Do you know somebody who is using avoidance to cope?
Perhaps it could even be you!
Avoidance is a classic coping strategy employed by people with anxiety – however, it actually makes things worse …
Today however I’m going to be talking specifically about avoidance when used by people suffering from social anxiety.
What is Social Anxiety?
The individual suffering with social anxiety feels that they are constantly being criticised or judged unfavourably by others. Consequently, they may have difficulties with any social activities or interactions – such as public speaking, eating or drinking in public, going to parties, even interviews and the like.
Usually a person with social anxiety will overestimate the extent that others are paying attention to them. But the fact is, research has proven that others are watching or thinking about us for less than we think! Most people are too busy thinking about themselves and their own lives, to notice much about anybody else!
It is also common for individuals with social anxiety to assume that not only are other people always watching them, they are also thinking the worst about them.
So how does social anxiety develop?
- According to research, some people are born with a genetic predisposition to anxiety disorders; there is a school of thought that individuals with social anxiety are prone to more acute emotions, with a more reactive nervous system.
- Some individuals may have had negative or even traumatic experiences as children, where social situations led to high anxiety levels. This commonly leads them avoid particular social events as a coping mechanism; creating a pattern of avoidance – which can be hard to break, and without treatment may persist across the lifespan.
- People who are sensitive to what others think of them and like to ‘make a good impression’ on others, are also more inclined to suffer from social anxiety.
Using Avoidance to Cope
Avoiding certain situations might sound like a smart strategy in the short-term.
However, in the long-term, avoidance only reinforces the feelings of anxiety, and the individual’s belief that they can’t cope.
For example, a person at a large party may leave early after experiencing symptoms of panic. This works in the short-term, as their immediate anxiety reduces. Then, the belief of ‘the only way I can cope with social situations is to avoid them’ becomes internalised.
When a similar situation comes up again, anxiety will rise quickly, leading the person to again avoid the situation. And so the cycle begins.
Individuals with social anxiety may start using avoidance for many similar situations – until it is having a real negative impact on their daily life. By practising avoidance, the individual never finds out that their fears most likely won’t be realised, and that they really can cope.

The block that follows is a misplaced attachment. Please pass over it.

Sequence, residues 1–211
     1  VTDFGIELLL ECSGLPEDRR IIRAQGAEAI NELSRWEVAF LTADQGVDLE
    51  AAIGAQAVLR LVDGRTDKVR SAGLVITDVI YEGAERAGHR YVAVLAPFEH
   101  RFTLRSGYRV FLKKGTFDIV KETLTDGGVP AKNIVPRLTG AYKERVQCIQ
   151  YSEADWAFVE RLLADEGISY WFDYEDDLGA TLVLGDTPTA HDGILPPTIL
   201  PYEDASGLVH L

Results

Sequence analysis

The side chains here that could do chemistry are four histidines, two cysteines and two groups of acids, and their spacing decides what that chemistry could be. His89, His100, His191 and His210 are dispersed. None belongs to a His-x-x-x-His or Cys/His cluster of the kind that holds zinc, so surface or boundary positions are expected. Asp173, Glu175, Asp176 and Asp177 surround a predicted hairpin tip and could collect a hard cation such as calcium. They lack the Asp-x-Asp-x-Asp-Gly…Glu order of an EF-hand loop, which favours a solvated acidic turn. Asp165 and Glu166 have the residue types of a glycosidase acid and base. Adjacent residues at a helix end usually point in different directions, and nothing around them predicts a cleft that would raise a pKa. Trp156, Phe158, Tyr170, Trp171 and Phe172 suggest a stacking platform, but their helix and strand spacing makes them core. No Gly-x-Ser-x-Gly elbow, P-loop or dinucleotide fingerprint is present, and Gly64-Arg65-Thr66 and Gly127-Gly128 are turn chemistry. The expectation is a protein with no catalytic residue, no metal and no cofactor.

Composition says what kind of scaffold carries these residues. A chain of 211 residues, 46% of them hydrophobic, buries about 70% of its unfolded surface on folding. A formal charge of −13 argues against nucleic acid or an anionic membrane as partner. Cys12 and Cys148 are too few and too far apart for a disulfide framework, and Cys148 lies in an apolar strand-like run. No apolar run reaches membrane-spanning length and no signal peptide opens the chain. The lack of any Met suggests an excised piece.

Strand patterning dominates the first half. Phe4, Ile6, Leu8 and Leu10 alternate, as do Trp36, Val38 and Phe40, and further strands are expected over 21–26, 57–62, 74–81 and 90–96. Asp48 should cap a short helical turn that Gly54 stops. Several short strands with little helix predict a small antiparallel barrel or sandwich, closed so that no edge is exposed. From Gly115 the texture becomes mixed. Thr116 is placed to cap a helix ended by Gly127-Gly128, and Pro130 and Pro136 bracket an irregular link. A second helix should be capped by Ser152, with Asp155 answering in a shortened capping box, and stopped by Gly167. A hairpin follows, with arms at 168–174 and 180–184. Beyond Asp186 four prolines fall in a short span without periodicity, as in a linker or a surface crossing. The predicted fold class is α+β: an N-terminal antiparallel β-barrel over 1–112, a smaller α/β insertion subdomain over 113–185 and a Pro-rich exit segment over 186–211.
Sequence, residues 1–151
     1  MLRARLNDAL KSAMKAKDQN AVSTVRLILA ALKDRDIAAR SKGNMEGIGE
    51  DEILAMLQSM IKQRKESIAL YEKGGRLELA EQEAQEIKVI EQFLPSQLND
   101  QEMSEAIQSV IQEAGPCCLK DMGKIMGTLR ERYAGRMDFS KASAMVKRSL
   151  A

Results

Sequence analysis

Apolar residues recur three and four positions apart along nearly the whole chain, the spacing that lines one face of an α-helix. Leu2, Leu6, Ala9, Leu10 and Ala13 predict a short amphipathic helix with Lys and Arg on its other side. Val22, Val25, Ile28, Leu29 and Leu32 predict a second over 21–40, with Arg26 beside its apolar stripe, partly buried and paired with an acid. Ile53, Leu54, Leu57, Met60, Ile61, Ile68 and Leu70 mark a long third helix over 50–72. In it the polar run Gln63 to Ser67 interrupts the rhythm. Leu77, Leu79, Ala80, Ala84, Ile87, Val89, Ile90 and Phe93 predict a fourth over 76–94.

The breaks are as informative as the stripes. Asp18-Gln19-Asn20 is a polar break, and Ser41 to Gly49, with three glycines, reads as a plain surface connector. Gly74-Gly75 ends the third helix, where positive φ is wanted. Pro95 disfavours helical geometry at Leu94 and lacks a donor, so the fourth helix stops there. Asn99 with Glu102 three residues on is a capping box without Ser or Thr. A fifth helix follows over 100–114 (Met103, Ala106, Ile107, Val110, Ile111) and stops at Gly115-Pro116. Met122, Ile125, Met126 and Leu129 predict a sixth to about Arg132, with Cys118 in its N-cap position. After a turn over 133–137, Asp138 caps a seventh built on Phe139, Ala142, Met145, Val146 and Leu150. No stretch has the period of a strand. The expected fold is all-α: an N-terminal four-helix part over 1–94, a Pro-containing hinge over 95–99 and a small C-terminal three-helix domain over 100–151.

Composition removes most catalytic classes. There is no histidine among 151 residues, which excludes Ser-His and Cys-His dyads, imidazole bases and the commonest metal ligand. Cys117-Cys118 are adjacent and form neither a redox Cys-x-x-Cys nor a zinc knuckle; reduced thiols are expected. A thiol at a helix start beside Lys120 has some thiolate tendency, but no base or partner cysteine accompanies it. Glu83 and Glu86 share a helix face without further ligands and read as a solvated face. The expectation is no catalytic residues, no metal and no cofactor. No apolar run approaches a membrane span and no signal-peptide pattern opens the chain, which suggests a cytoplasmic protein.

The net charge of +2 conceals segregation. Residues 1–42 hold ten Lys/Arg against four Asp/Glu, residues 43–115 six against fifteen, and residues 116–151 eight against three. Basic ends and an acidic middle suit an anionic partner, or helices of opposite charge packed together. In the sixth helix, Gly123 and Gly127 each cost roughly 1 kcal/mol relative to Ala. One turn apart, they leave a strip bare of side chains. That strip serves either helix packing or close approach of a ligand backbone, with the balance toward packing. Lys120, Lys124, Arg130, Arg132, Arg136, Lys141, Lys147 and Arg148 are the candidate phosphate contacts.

Treatment for Social Anxiety and Avoidance
When a pattern of avoidance has developed, it usually requires treatment from a psychologist to help overcome the problem.
There are several steps in the treatment of social anxiety, utilising evidence-based techniques from Cognitive Behavioural Therapy (CBT). Each step should be completed in sequence before moving on to the next step.
Step 1 – Learn to reduce symptoms of anxiety through the use of controlled breathing, relaxation exercises (such as progressive muscle relaxation, guided imagery, cue relaxation) and distraction techniques.
Step 2 – Identify and challenge distorted thinking patterns and negative core beliefs.
Step 3 – Gradual exposure to social activities through the use of a ‘fear hierarchy.’ By identifying situations which you avoid, and gradually exposing yourself to them repeatedly, you can reduce the anxiety that has become associated with these experiences. It is important to do this in a series of steps starting with easier steps and gradually becoming harder, so you can build up your confidence without becoming overwhelmed. When you do confront the avoided situations, you will use relaxation techniques to control anxiety symptoms.
Step 4 – Build self-confidence through assertiveness skills training, and identify and utilise personal strengths.
If you have been using avoidance as a coping mechanism, but have reached a point where you realise it is no longer working for you, it’s time to see a psychologist and get professional support and guidance.
Author: Tegan Gonczar, BA (Hons), Grad Dip Ed (Secondary).
Tegan Gonczar is a Brisbane psychologist with experience in providing psychological counselling to children, adolescents and adults; she has a passion for working with people of all ages, to help them overcome obstacles, learn effective ways of coping and lead happier and more fulfilling lives.
Bookings and Fees: To make an appointment with Brisbane Psychologist Tegan Gonczar, try Online Booking – Loganholme or call M1 Psychology (Loganholme) on (07) 3067 9129.
- American Psychiatric Association. (2013). Diagnostic and statistical manual of mental disorders (5th ed.). Washington, DC.
- Australian Psychological Society. (2010). Evidence-based Psychological Interventions in the Treatment of Mental Disorders (3rd ed.).
- Gilovich, T., Kruger, J., & Medvec, V. H. (2001). The spotlight effect revisited: Overestimating the manifest variability of our actions and appearance. Journal of Experimental Social Psychology, (38), 93–99.